My new baby girls is 5 days old and is happy all day. During the day she’s fine having me hold her, or being in a swing. But between 11pm-3pm she does not want to sleep anywhere but right on my wife and will scream endlessly if she puts her down. My wife can’t stay awake during this time and inevitably dozes off. I have heard that sleeping with the baby is dangerous, but we are exhausted. What should we do?”
This is normal. We have heard parents say that their babies slept all night long in a crib from the day they were born, but we have never personally met these babies. Here are a few things to try:
First, try swaddling. Wrap the baby up super-tight in a burrito-style blanket or swaddling wrap. Nurse or feed her until she is asleep. Wait 15 minutes until her eyes close, then slowly and gently slide her into the crib.
If that doesn’t work, consider making your bed a safe sleep space for baby. Bed-sharing has been shown to reduce the rate of SIDS, but it’s also believed that many baby deaths previously attributed to SIDS were actually accidental smotherings. So it’s important to create a safe sleep environment. Some pediatricians warn against bed-sharing, but it’s safer than your wife falling asleep somewhere unsafe accidentally, like in a chair or on the couch. For a safe sleep environment:
- Don’t smoke. Exhaled smoker’s breath actually increases the risk of SIDS, even if you don’t smoke in your house or around the baby.
- Don’t drink alcohol or take sedating medications before bed. Don’t bring the baby into bed if you’ve taken sedating opiates, allergy medications, painkillers, etc.
- Don’t bed-share if you or your partner is obese.
- Use a firm mattress. Get rid of any foam, feather or fluffy mattress pads. Make sure your fitted sheet is fitted well.
- Make sure there are no gaps between the headboard and mattress or the bed and wall or a table. Babies have died from getting wedged in bedroom furniture. Use a bed rail or keep baby in between you. Don’t use sleep positioners, which are foam pillows designed to keep babies on their backs. Babies have smothered when they’ve gotten their faces stuck in them.
- Ban the fluff. Keep pillows, blankets and sheets away from the baby.
- Don’t swaddle or use a sleep sack in the adult bed. Baby needs to have arms and legs free to swat off any blankets or sheets that fall on her face.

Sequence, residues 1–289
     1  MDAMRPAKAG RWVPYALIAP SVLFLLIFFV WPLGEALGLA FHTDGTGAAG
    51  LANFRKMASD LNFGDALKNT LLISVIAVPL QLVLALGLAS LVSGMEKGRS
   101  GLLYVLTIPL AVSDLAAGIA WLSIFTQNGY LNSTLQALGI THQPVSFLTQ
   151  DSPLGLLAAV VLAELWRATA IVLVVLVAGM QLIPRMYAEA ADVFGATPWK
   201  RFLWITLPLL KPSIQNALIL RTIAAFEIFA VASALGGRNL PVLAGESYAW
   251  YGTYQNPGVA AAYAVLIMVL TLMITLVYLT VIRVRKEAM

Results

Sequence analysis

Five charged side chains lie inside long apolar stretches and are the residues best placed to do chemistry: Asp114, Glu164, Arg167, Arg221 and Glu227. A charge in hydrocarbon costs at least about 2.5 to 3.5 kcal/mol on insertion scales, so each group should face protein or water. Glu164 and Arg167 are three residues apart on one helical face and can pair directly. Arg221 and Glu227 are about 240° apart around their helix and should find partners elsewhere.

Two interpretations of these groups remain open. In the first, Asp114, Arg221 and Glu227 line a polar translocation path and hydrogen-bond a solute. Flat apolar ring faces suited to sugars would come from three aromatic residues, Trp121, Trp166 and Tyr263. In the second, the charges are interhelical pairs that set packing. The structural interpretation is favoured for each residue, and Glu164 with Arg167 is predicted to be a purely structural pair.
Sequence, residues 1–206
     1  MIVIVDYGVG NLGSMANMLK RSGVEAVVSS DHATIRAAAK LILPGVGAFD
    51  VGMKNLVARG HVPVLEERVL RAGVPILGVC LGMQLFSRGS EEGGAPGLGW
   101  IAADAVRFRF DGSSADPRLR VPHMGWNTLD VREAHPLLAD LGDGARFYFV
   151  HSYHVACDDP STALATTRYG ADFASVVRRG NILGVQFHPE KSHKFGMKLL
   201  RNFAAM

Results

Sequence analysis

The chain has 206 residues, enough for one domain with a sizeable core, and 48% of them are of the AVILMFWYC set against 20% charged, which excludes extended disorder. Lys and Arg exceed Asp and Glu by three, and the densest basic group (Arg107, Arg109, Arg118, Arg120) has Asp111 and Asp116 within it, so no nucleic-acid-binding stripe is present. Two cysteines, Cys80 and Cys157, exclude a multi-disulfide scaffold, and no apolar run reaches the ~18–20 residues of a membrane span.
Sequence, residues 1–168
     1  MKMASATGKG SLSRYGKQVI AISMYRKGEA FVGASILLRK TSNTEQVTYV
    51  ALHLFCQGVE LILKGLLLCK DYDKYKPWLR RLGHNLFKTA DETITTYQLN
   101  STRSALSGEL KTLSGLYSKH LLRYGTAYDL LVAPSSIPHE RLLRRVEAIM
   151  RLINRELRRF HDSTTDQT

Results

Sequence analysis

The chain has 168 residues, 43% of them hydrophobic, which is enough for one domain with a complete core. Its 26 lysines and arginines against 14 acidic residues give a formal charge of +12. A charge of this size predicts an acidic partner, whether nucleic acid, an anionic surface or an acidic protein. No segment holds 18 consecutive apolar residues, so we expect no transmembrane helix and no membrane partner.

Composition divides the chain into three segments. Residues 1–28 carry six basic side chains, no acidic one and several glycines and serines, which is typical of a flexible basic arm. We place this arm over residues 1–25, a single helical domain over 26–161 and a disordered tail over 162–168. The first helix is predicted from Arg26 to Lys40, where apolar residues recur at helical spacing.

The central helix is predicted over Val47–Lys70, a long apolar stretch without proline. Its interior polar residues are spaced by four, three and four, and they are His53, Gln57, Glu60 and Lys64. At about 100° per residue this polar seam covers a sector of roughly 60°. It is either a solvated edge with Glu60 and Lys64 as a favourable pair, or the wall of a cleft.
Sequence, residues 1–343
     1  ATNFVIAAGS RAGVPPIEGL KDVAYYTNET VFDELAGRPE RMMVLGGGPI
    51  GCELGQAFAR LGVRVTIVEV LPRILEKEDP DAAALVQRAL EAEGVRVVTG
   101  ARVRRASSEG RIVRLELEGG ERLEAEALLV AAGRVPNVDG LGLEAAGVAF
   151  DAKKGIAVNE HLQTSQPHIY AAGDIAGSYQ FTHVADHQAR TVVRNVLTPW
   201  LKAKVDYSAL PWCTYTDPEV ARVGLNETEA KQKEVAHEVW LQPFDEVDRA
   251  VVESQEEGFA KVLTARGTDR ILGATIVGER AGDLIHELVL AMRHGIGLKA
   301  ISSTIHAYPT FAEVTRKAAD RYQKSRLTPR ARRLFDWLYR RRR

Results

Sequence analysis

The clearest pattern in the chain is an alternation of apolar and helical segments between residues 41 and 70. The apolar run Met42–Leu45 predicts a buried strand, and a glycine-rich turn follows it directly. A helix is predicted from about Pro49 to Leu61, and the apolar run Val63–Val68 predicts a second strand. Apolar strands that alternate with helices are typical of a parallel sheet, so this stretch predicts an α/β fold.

- Consider a fan for your bedroom. Circulated air by even a small desk fan has been shown to reduce the risk of SIDS by a whopping 74%. It’s thought that many cases of SIDS are from re-breathed carbon dioxide.
- Don’t leave baby alone in the bed. Even newborns can scoot themselves off of a bed if they wake up to find mom isn’t there. If you must get up to go to the bathroom, leave baby on the floor.
If you’re not comfortable with bed-sharing, another option is a co-sleeper, a little three-sided crib that attaches to the bed. However, some babies are just as unhappy six inches away as six feet away, and note that many infant co-sleepers have been recalled for safety issues, so check recall information before you buy.
If you do bed-share, many parents find that as the baby gets more active at around 4-6 months they’re getting less sleep and running out of room. At that point you can choose to buy a bigger bed, or to transition your baby from your bed to a crib. This will involve some crying, but experts agree that by 4-6 months there is no risk to letting the baby cry himself or herself to sleep in the crib (though not all parents are comfortable with that). It’ll be a tough 2-3 nights of crying, but after three nights almost all babies will have gotten used to the new routine and will cry very little. After six months, transitioning to a separate crib will become progressively more difficult.
Like this article? Check out our book Great Expectations: Baby Sleep Guide: Sleep Solutions for You & Your Baby